Interview with Kimberly Fish
Comfort Foods reads like a book written in real time, how long ago did you write this story?
I’ve known for a long while I’d have at least four books in the Comfort, Texas set of stories: Comfort Plans, Comfort Songs, Comfort Foods, and in 2021, fingers-crossed, Comfort Zone. Though the other three novels had been plotted and rough-drafted years ago, Comfort Foods is my COVID-19 novel. While in lockdown in Spring of 2020, I wrote this book with liberty that comes from having no other distractions. Thankfully, a wonderful editor was also benefitting from lockdown and we were able to produce this story in record time.
Was Lacy Cavanaugh based on a particular social media celebrity?
Lacy Cavanaugh came to life many years ago as younger sister to Kali Cavanaugh while I was writing the serial Emeralds Mark the Spot. Several elements of her character were already in place and I leaped off what I’d previously written and gave Lacy the pizazz and shine of the self-styled lifestyle bloggers popular on Instagram and Facebook. She came to the story mostly fully formed because of her role in the EMTS novella, but it was a pleasure to work on the internal conflicts particularly the perception that beautiful women date easily and have instinctive skills to navigate difficulties. Logically we know that not’s true, but in today’s oversaturated, visually stimulated world, that’s a truth easily forgotten.
Who inspired your character of Rudy Delgardo?
Though I’ve had the pleasure of knowing several chefs, I’d say the movie “Chef,” starring Jon Favreau, really informed my decision to explore the world behind the kitchen door. I then spent countless hours watching YouTube videos of famous chefs talking about their life stories and the dynamics of a professional kitchen and trying to get a handle on what drives that need for precision and creativity. Rudy Delgardo, despite his excellence in the kitchen, is a mess in his private life—and I think that when someone enjoys marshalling others at work, they forget how to interact on the home front. That made for a rich playground of potential conflicts in this story, and I wish I could have written more about Rudy’s very complicated backstory. Maybe another time.
You seem to be creating an active friend group with your Comfort stories, will all the characters always appear in every novel?
I’m a victim of their charm and can’t let these characters go. Plus, I know how vital a friend group is for navigating life. For those without tight families, it’s the peer group that gives the sounding board for all the deep questions and decisions. Colette and Beau Jefferson, Kali and Jake Hamilton, AJ and Luke English, Lacy Cavanaugh and Rudy Delgardo, step all over these pages because friends frequently ignore boundaries. This group is growing quite large and may be too big to give free reign in the upcoming story, but in Comfort Foods it was important because Lacy is Kali’s sister, and they don’t have a traditional family dynamic so their friends play the role of parents and extended relatives.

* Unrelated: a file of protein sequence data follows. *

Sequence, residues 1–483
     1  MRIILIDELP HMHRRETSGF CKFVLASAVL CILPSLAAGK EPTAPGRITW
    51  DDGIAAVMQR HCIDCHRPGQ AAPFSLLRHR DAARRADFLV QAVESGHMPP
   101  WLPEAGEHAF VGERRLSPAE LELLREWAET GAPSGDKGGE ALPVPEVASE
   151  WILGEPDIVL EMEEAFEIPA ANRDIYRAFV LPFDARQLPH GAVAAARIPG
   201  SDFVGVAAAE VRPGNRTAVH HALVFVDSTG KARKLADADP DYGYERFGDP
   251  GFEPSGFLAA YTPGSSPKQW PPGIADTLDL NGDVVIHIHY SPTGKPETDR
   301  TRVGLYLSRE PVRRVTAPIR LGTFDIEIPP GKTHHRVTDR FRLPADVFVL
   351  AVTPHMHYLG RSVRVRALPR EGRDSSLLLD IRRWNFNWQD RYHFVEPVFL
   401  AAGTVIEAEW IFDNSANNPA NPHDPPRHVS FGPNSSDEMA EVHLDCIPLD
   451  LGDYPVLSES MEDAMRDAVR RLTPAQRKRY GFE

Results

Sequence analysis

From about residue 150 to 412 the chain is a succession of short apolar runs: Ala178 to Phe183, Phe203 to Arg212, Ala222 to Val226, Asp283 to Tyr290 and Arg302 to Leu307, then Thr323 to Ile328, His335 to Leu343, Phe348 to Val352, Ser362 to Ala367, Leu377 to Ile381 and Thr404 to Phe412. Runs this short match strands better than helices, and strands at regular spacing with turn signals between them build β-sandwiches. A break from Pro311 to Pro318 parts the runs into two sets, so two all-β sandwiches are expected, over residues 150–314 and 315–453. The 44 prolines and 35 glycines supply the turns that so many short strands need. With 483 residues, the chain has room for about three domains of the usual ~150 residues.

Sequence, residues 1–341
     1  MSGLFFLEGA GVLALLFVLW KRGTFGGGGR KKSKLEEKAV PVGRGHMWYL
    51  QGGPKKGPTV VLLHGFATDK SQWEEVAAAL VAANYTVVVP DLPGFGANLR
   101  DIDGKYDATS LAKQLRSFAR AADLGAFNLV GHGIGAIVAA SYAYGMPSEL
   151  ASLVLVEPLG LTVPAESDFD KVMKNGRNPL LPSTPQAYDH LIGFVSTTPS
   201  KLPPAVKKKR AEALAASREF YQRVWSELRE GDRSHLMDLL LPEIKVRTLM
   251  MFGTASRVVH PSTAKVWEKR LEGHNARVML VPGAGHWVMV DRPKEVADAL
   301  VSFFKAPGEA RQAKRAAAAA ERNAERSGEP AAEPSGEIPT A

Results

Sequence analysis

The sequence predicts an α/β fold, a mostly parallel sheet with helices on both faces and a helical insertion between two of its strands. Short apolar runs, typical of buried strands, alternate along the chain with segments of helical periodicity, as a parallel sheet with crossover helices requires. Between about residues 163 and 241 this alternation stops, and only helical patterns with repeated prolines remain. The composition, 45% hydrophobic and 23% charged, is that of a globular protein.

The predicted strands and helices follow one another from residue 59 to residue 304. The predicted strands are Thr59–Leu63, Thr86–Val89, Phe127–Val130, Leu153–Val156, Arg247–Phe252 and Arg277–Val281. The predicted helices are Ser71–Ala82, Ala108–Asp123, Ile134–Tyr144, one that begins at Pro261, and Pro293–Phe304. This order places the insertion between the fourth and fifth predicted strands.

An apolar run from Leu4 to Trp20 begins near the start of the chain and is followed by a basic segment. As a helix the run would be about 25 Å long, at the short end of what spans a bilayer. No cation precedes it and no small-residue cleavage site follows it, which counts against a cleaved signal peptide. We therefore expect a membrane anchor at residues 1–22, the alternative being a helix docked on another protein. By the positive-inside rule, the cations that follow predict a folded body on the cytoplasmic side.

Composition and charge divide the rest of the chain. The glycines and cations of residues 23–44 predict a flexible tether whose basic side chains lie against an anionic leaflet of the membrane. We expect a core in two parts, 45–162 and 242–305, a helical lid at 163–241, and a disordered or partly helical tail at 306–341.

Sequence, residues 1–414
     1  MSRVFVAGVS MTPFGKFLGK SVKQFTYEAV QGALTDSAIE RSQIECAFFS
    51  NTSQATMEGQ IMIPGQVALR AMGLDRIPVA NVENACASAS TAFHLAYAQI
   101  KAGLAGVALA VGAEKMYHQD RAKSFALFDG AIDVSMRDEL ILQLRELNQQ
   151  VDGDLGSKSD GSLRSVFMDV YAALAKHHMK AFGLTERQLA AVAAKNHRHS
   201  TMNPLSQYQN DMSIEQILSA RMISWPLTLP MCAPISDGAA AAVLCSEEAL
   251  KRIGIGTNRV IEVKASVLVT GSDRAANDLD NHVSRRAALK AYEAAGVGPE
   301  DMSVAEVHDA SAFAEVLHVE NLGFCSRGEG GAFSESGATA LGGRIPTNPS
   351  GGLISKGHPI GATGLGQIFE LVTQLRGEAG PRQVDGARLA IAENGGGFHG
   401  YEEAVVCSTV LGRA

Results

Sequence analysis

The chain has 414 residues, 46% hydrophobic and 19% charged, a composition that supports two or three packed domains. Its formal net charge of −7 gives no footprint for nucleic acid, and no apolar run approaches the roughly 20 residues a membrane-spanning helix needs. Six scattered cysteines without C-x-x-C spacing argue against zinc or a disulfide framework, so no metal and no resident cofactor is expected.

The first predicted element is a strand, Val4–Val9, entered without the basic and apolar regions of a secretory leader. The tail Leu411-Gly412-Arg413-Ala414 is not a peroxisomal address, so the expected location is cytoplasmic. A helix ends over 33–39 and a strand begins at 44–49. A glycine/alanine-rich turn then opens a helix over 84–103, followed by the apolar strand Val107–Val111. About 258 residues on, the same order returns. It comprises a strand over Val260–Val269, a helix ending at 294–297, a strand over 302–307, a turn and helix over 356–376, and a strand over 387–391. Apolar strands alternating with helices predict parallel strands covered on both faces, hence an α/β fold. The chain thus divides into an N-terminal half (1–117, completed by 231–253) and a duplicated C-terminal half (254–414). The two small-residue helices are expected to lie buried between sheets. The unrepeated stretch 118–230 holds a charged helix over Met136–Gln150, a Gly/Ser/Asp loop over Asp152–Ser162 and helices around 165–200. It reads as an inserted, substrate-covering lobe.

The cast of supporting characters in the Comfort stories transfer from story to story also, right?
Yes, several minor characters pop in here and there, because in small towns you run into many of same people doing errands, attending church, and going to social events. I keep a notebook so I can remember who these folks are, and in each novel, I try to expand the town’s cast. Comfort itself is not a big place, and it would make sense to see familiar faces between the books. There are a few of these characters I particularly enjoy and like to give them a speaking role as often as possible.
Is there a dog in this story too? You’ve written a dog into every other Comfort book.
My characters, like many readers, can’t resist a puppy. But, with the exception of Beans in Comfort Songs, none of the dogs in my books are truly cute. Cornbread was an old, gassy blood hound, and the mutt in Comfort Foods is a complete—and smelly—scoundrel. But these guys also manage to steal the show, and make people love them, so it’s hard to ignore a creature with such personality. I guess, I could try my hand creating a loveable cat. Do you think readers would like a cat in the next story?
How many more stories will you create and set in Comfort, Texas?
I’m at work on Comfort Zone, and for now, that feels like the last of this particular Comfort set. But, knowing me as I do, I wouldn’t say that’s the last story I will set in Comfort. Something about the heat, rocky soil, and call of hawks flying overhead is just too entrenched in my imagination to walk away and never revisit that area for another book.
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